Asked by: Lauren Kathleen Mahaney, Tennessee
Bath bombs fizz when water triggers a reaction between an acid and a neutralising substance known as a ‘base’. Many bath bombs contain citric acid, as found in citrus fruits, and sodium bicarbonate, which is a weak base. The dry chemicals are stable, but in water they react together to produce carbon dioxide bubbles (fizz) and, as a by-product, sodium citrate salt. The reaction helps to break up the bath bomb, releasing fragrances, detergents and oils.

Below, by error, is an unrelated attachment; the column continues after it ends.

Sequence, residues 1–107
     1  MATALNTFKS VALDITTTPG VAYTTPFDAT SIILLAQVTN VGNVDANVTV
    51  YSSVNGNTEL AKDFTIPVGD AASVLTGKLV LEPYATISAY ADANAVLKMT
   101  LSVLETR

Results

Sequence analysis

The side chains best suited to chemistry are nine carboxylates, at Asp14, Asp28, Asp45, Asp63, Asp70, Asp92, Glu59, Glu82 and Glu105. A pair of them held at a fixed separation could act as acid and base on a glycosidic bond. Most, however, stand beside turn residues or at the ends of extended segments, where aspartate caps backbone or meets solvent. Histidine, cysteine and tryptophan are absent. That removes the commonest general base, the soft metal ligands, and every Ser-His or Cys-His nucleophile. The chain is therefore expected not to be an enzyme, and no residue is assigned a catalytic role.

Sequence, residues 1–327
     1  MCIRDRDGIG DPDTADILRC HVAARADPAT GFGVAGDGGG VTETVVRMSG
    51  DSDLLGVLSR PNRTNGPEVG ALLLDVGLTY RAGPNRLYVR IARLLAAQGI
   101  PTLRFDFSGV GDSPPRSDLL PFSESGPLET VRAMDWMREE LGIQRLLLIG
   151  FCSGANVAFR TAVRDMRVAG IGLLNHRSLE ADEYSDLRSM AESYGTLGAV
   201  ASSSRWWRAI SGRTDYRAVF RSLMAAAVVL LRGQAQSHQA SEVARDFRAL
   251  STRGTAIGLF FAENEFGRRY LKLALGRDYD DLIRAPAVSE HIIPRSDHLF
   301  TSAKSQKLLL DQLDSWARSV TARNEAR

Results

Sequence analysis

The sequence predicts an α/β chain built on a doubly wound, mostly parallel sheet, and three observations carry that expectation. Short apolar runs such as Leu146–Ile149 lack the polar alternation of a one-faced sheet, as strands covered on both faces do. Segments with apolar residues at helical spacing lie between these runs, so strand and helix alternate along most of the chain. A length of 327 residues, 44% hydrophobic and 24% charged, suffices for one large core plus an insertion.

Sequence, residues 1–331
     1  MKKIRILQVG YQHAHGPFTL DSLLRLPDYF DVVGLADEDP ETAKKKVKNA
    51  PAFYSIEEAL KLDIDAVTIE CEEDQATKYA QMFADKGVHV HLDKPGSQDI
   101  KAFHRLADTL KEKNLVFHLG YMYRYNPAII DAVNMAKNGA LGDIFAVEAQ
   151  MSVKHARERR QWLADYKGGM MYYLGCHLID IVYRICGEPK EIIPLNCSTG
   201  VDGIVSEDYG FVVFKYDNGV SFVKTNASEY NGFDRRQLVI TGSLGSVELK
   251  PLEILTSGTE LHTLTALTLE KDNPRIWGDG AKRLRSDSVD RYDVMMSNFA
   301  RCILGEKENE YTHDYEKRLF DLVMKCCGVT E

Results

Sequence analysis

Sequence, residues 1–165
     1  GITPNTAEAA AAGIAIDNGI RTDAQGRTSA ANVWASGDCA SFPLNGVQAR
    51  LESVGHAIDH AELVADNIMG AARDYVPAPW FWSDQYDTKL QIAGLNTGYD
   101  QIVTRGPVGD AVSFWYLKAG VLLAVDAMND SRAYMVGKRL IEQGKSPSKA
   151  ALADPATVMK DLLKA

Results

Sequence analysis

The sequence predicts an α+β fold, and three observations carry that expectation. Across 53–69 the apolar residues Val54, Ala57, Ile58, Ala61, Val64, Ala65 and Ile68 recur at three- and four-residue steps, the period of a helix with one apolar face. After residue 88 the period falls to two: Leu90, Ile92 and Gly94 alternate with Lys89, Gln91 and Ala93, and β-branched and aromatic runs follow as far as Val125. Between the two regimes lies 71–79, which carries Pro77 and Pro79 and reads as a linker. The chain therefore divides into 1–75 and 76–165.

- How long does a shower have to be, to use the same amount of water as a bath?
- How much salt would I need to float in my bath?
Dr Emma Davies is a science writer and editor with a PhD in food chemistry from the University of Leeds. She writes about all aspects of chemistry, from food and the environment to toxicology and regulatory science.